Beirut: The woman is young, perhaps 18, with olive skin and dark bangs that droop on to her face. In the Facebook photo, she attempts to smile but doesn’t look at her photographer.
The caption mentions a single biographical fact: She is for sale.
“To all the bros thinking about buying a slave, this one is $8,000 (Dh29,383),” begins the May 20 Facebook posting, which was attributed to a Daesh fighter who calls himself Abu Assad Almani. The same man posted a second image a few hours later, this one a pale young face with weepy red eyes.
“Another sabiyah [slave], also about $8,000,” the posting reads. “Yay, or nay?”
The photos were taken down within hours by Facebook, and it is unclear whether the account’s owner was doing the selling himself or commenting about women being sold by other fighters. But the unusual posting underscores what experts say is an increasingly perilous existence for the hundreds of women who are thought to be held as sex slaves by Daesh.
As the terrorist group comes under heightened pressure in Iraq and Syria, these women captives appear to be suffering, too — sold and traded by cash-strapped fighters, subjected to shortages of food and medicine, and put at risk daily by military strikes, according to terrorism experts and human rights groups.
Social media sites used by Daesh in recent months have included numerous accounts of the buying and selling of sex slaves, as well as the promulgation of formal rules for dealing with them.
But until the May 20 incident, there were no known instances of Daesh fighters posting photographs of women captives being offered for sale. The photos of the two unidentified women appeared only briefly before being deleted by Facebook, but the images were captured by the Middle East Media Research Institute, a Washington non-profit group that monitors Daesh-affiliated social media accounts.
“We have seen a great deal of brutality, but the content that Daesh has been disseminating over the past two years has surpassed it all for sheer evil,” said Steven Stalinsky, the institute’s executive director. “Sales of slave girls on social media is just one more example of this.”
Almani, the apparent owner of the Facebook account, is thought to be a German national fighting for Daesh in Syria, according to Stalinsky. He has previously posted to social media accounts under that name, in the slangy, poorly rendered English used by many European fighters who can’t speak Arabic. Early postings suggest that Almani is intimately familiar with Daesh’s activities around Raqqa, the group’s de facto capital in Syria. He also regularly uses his accounts to solicit donations for the terrorist group.
In displaying the images of the women, Almani advised his Facebook friends to “get married” and “come to dawlah,” or Daesh’s
territory in Iraq and Syria. Then he engaged with different commenters in an extensive discussion about whether the $8,000 asking price was a good value. Some who replied to the postings mocked the women’s looks, while others scolded Almani for posting photos of women who weren’t wearing the veil.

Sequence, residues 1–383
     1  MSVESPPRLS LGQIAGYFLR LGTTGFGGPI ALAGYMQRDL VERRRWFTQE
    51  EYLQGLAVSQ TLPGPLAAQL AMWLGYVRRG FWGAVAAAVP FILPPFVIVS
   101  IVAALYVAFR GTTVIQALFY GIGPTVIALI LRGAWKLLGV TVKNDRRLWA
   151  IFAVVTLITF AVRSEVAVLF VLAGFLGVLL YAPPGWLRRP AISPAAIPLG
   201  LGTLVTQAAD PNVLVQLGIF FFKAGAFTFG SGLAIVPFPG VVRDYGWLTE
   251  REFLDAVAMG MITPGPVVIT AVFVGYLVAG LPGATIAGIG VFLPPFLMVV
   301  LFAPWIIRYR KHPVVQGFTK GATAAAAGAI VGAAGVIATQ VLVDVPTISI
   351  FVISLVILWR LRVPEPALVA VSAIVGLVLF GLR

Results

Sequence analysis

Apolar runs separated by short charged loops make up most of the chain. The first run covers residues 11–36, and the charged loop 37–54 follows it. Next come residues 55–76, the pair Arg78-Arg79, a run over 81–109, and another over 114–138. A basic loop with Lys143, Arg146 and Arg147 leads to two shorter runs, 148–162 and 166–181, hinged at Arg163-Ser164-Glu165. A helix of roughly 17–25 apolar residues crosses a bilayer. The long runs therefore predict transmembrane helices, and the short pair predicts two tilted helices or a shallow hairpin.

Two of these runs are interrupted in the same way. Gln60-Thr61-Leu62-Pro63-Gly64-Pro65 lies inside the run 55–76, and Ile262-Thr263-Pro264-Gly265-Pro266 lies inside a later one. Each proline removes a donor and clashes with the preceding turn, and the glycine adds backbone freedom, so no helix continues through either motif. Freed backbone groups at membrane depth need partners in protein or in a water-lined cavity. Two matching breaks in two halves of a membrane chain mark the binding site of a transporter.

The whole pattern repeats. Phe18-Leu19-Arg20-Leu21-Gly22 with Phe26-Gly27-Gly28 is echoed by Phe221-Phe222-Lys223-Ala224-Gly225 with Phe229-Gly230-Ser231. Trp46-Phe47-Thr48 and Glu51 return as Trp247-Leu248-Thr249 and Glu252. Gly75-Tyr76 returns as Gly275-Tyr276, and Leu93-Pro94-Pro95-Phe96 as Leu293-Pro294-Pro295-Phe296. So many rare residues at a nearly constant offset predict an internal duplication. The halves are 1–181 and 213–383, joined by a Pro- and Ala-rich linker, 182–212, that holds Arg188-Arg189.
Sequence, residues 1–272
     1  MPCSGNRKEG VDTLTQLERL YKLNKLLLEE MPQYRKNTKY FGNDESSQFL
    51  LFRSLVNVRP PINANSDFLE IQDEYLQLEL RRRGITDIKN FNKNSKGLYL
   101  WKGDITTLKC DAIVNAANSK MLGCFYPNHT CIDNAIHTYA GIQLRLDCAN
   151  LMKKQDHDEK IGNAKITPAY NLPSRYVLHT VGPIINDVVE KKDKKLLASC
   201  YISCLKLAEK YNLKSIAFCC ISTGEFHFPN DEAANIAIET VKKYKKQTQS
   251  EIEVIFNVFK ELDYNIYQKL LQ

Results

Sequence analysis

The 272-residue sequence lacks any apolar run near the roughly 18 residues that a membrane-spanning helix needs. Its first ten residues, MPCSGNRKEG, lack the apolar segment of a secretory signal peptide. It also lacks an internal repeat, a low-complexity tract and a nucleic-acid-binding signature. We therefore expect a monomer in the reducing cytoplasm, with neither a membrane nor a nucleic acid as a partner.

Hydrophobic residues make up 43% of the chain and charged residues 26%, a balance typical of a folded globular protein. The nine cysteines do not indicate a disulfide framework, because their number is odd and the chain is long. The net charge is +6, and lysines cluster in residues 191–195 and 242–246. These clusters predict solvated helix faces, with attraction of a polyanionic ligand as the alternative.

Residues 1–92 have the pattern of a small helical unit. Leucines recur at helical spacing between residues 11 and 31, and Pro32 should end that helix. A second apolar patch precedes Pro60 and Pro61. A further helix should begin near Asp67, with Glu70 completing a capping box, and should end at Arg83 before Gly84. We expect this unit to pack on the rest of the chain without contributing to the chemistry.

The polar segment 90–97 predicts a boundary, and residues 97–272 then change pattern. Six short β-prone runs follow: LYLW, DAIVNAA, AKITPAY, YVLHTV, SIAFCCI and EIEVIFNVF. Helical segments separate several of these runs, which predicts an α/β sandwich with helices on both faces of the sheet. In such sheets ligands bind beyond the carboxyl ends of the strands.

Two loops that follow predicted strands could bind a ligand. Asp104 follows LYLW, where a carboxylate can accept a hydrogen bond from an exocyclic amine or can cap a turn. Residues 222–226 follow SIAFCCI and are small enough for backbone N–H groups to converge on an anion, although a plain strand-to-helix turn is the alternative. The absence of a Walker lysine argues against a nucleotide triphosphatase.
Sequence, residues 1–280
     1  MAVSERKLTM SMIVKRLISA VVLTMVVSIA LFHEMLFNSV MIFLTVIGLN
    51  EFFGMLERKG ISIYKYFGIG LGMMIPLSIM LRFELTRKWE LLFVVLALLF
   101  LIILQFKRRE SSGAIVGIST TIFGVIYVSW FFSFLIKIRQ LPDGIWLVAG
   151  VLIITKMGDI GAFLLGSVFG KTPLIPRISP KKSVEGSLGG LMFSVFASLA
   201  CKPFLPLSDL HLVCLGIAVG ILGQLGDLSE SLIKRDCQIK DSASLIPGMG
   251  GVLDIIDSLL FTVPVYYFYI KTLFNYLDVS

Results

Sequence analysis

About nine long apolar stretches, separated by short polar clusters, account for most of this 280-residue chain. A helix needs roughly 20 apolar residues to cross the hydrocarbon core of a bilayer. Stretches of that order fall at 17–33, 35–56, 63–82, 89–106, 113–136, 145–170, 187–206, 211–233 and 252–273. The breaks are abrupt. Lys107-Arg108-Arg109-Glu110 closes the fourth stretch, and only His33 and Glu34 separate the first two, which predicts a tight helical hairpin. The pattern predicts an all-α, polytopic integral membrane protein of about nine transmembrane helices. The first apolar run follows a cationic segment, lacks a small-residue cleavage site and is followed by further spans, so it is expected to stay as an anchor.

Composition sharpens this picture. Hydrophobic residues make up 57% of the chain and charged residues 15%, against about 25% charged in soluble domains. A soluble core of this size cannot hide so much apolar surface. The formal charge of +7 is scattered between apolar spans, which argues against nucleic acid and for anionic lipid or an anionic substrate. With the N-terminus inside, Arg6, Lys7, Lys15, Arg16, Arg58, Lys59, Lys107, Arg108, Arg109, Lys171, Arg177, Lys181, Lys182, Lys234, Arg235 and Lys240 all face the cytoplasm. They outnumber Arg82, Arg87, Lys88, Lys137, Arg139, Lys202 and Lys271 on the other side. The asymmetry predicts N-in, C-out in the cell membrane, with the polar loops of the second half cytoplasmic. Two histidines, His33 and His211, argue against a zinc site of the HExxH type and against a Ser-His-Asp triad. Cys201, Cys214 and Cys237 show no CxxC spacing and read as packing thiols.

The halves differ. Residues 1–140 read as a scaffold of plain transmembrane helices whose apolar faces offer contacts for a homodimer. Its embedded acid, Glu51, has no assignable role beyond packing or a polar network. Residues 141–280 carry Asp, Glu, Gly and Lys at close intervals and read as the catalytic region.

“What makes her worth that price? Does she have an exceptional skill?” one of his correspondents asks about the woman in the second photo.
“Nope,” he replies. “Supply and demand makes her that price.”
Daesh leaders have historically used US-based social media such as Facebook and Twitter to attract recruits and spread propaganda, but in the past year American companies have sought to block Daesh accounts and postings whenever they are discovered.
Facebook in particular has garnered high marks from watchdog groups for reacting quickly to terrorists’ efforts to use its pages. But at the same time, the militants also have become more agile, leaping quickly from one social media platform to another and opening new accounts as soon as older ones are shut down.
The Facebook incident comes amid complaints from human rights groups about waning public interest in the plight of women held as prisoners by Daesh. The organisation, Human Rights Watch, citing estimates by Kurdish officials in Iraq and Syria, says the terrorist group holds about 1,800 women and girls, just from the capture of Yazidi towns in the region. After initial denials, Daesh last year issued statements acknowledging the use of sex slaves.
A report last month by Human Rights Watch recounted the ordeals suffered by three dozen Iraqi and Syrian women who escaped from Daesh-held towns in recent months. Among the women were former Yazidi sex slaves who described abuses that included multiple rapes by different men as they were sold and traded.
The problems faced by such women appear to be growing worse as military and economic pressure against Daesh increases, the report said.
“The longer they are held by Daesh, the more horrific life becomes for Yazidi women, bought and sold, brutally raped, their children torn from them,” said Skye Wheeler, women’s rights emergencies researcher at Human Rights Watch.